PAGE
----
David Sessions has patiently answered my questions, so let me offer a few replies in turn.
First, I don’t think that “writing on the internet, arguing on the internet” is one thing, any more than writing per se and arguing per se are one thing. There are many ways to write and argue, for many different audiences, and we don’t all have to play the same “game.” More on this later.
Second, David writes, “What I’m trying to demonstrate here is that substantive argument can be combined with an appropriate degree of meanness when the target legitimates it.” I very much agree with that as a general principle, but I don’t think he lives up to it in his original post — in fact, I think he explicitly disavows it. He says that it’s “obvious” what Walsh is, and “To try to demonstrate that Matt Walsh is a douchebag would be pointless, as well as an insult to anyone who sacrifices their sanity and financial well-being to master difficult knowledge, like how to write.” So instead David calls him a douchebag, over and over again. Relatedly …
In that original post, David writes,
What Walsh shares with mainstream hot-takers and evangelical emotibloggers alike is that he writes largely without the intention of trying to stake a position, reject or argue with any position, or persuade any reader. His position is presumed from the start, and he adds nothing beyond scare-quoting and free-association. This feminism post, for example, seems to be an extended attempt to arrive at the most exalted metaphorical epithet to bestow upon that obviously Satanic movement. The whole “analysis,” which takes off from a viral video of little girls saying the F-word, depends on you already thinking it is an indication of deep moral corruption that a society could produce, much less laugh at, a video of little girls saying the F-word. (We all know kids saying the F-word, with or without political intent, is hilarious.)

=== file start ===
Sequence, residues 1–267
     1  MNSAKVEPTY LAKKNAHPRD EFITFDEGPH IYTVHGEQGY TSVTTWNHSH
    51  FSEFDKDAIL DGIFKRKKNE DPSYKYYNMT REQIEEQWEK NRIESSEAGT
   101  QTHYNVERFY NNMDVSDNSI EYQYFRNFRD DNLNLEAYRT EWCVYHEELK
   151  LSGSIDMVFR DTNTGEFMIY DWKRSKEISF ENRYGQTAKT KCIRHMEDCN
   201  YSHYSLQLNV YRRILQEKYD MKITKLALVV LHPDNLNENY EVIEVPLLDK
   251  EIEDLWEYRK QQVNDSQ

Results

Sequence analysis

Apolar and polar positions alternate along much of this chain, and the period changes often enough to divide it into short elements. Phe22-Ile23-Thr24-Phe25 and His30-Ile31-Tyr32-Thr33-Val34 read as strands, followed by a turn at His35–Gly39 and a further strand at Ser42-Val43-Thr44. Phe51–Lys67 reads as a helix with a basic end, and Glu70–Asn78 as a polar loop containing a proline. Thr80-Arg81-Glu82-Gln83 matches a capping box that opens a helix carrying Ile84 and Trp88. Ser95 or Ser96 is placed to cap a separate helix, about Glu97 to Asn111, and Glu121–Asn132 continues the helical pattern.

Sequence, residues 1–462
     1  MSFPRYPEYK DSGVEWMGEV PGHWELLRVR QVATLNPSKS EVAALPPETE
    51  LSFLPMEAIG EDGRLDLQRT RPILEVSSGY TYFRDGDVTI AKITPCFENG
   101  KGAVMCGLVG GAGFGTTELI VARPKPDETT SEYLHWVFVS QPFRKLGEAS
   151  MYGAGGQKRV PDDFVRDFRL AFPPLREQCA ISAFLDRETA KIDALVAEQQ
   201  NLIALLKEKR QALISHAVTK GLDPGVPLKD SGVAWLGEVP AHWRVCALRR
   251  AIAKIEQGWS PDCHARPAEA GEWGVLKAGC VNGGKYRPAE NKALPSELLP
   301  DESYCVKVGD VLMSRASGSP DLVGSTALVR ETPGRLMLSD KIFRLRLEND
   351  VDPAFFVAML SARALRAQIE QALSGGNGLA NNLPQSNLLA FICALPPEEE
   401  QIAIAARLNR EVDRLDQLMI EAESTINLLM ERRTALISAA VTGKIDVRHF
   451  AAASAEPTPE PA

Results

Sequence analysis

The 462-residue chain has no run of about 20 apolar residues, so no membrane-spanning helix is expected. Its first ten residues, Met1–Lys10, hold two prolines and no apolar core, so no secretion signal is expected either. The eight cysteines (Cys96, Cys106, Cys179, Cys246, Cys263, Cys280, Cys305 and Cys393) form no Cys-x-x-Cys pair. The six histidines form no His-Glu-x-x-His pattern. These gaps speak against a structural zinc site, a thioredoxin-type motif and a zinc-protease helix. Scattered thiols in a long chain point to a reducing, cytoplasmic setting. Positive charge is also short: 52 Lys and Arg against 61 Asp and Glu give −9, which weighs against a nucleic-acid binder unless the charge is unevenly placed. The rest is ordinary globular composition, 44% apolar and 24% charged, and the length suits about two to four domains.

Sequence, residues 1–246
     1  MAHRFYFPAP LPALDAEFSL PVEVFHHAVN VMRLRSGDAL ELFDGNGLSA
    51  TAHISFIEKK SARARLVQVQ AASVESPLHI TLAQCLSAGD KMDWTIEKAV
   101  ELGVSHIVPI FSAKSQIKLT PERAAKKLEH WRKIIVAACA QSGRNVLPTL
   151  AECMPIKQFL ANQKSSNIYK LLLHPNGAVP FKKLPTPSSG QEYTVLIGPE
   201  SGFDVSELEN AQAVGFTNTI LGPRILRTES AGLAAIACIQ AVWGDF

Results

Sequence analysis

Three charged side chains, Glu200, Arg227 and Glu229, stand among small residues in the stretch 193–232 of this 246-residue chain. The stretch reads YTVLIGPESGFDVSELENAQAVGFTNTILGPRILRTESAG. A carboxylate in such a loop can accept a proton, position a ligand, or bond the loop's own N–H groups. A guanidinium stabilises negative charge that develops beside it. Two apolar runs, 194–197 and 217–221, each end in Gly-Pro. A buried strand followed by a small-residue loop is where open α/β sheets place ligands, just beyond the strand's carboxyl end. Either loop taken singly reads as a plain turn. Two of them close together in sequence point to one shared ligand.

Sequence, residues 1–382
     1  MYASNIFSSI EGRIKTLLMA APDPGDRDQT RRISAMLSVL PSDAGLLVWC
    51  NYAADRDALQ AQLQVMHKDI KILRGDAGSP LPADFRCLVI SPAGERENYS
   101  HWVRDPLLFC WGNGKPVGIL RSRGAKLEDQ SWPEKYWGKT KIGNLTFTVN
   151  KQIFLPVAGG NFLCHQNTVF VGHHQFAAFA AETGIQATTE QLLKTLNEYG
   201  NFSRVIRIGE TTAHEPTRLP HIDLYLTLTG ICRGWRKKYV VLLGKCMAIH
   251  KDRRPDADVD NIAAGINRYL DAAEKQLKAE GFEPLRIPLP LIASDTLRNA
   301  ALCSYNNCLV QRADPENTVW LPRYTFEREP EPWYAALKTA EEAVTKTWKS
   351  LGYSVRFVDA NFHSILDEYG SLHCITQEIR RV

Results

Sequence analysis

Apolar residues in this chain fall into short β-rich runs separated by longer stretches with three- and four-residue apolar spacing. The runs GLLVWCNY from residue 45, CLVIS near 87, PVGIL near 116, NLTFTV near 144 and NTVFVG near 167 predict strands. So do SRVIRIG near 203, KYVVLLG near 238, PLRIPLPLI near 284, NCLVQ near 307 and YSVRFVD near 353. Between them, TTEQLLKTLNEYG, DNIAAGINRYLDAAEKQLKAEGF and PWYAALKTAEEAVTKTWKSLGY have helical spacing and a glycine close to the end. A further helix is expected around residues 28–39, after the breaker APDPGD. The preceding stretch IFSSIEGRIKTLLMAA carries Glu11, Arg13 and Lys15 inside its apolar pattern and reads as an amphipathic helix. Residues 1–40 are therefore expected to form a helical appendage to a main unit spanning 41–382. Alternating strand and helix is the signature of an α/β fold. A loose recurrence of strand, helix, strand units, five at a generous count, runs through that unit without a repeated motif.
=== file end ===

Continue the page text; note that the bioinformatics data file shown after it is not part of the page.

It was this part of the post that made think that this might be intentional self-parody, because in the same paragraph that he complains about Walsh simply assuming the rightness of his position, he writes, “We all know kids saying the F-word, with or without political intent, is hilarious.” (“We all know.”) And in the same paragraph that he complains about Walsh using scare-quotes in place of argument, he scare-quotes “analysis.”
I don’t know whether Sessions is right about Walsh or not, and as I explained in my previous post I don’t intend to find out, but it seems to me quite clear that he is doing pretty much exactly what he accuses Walsh of doing. Rather than arguing, he says that his target is not worthy of an actual argument, and chooses instead to score easy points for an audience that he confidently presumes already agrees with him. (“We all know.”)
So insofar as David’s original post was an argument about a lamentable rhetorical style — and I took that to be his main point, with Walsh as an exemplar of it rather than a unique figure — I think it’s really unfortunate how fully he participates in that very style. If he really does care about having reasoned and charitable and substantive debate online, shouldn’t he take particular care to play a different game than Matt Walsh is playing?